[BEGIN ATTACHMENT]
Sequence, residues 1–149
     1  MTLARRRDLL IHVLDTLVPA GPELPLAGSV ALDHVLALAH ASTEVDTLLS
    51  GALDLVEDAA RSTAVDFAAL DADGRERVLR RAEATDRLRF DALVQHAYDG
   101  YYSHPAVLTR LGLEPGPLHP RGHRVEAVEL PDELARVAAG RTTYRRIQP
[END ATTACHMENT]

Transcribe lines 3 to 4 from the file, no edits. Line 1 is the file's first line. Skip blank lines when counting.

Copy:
    51  GALDLVEDAA RSTAVDFAAL DADGRERVLR RAEATDRLRF DALVQHAYDG
   101  YYSHPAVLTR LGLEPGPLHP RGHRVEAVEL PDELARVAAG RTTYRRIQP